In this article we are going to work backwards to understand ultimately how your hips can affect the flight pattern of your golf ball. At the end I will present an easy exercise matrix to help you prevent the negative effects tight hips can have on your golf swing and ultimately your ball flight.
When we are looking at ball flight and the golf swing that produces that ball flight, there are a few basic areas that we can discuss that will help further our discussion on the effects of the hips on the golf swing and the ball flight. For example when we see a ball flight for a right hander fall to the right during the ball flight, we immediately think, “slice” and then we comment, “Nice fade”. Instead of that wouldn’t it be much more helpful to say, “man, I bet if you could get more external hip rotation out of that left hip and more internal rotation out of your right hip in the transverse plane you would be able to position the club on plane while keeping the clubface square to the plane and possibly draw the ball”. I am being facetious, maybe that is what I am thinking, but we are going to discuss how this is very true for some players and could help them obtain the desired ball flight.
If we take two simple aspect of the golf swing, swing plane angle and clubface angle, and we see what is required of these two aspects to play a controllable consistent draw we will then be able to discuss what role the hips play. “Faders” of the ball, generally, with a driver would be able to play a draw from a flatter swing plane angle position and a clubface that is squarer to their plane. This would allow them to swing the club slightly right of the target line after impact, which is a difficult thing to do considering we are hitting up on your driver and the club swings easily to the left of the target line after impact. This is a very general description of an average player that fades the ball, but for this discussion we are going to talk more about the effect the body has on these two aspects. Notice the images of the two players and their backswing positions:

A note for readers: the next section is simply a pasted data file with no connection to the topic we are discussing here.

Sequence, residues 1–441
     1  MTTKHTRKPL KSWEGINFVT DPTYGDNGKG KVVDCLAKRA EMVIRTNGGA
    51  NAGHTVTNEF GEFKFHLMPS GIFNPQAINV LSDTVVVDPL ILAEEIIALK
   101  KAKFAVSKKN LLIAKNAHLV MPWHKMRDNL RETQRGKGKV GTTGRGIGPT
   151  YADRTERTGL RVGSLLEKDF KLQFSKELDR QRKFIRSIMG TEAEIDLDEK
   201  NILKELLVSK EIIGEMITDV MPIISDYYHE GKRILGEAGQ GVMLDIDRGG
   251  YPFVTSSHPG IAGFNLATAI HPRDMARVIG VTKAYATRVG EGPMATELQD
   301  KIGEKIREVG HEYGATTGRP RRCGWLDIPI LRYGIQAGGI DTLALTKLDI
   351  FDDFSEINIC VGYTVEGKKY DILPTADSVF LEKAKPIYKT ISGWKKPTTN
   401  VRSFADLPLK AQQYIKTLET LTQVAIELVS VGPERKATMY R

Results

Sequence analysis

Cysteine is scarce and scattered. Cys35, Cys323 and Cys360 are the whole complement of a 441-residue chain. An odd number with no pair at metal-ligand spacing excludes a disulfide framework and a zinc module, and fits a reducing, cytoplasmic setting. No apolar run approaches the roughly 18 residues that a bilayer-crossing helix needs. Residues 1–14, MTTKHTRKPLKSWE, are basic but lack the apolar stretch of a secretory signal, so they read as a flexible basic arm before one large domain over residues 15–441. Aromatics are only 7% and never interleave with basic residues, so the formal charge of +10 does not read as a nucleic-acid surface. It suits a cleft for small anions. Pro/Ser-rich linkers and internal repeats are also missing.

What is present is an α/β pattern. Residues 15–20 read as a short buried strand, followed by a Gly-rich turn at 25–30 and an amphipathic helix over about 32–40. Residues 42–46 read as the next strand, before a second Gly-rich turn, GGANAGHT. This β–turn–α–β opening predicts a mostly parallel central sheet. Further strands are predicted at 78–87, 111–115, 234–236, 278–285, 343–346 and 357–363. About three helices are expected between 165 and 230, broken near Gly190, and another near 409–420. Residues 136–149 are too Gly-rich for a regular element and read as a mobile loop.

This obviously proves there are multiple ways to play great golf, but most players would benefit from a more neutral place than these two players, something in between Kuchar and Furyk. Notice how little the hips rotate in Furyk’s swing and how Kuchar’s hips rotate significantly more. Just as we discussed last month about the Thoracic Spine the hips also move in all three planes of motion:
The 3 Planes of Motion
Frontal Plane: Side to side (hips: abduction and adduction)
Sagittal Plane: Front to back or anterior and posterior (hips: extension and flexion)
Transverse Plane: Rotational right and left (hips: internal and external rotation)
These are the routes your joints have in your body for functional movement during everyday movement and during any athletics movement patterns you are trying to develop. It is important to understand these three planes of motion, because if one of the planes of motion are limited in one of your joints then compensations will pursue. So, when we look at the hips and their function in the golf swing we can see that there is some small movement in the frontal plane during the backswing laterally right, with some flexion in the sagittal plane, and significant rotation in the transverse plane. Watch the video below to see the amount of hip movement required in a Tour players’ hips during their golf swing.
Go to the YouTube link on the side of the page to see examples of very slow motion PGA Tour golf swings to see the way they utilize their hips during the golf swing.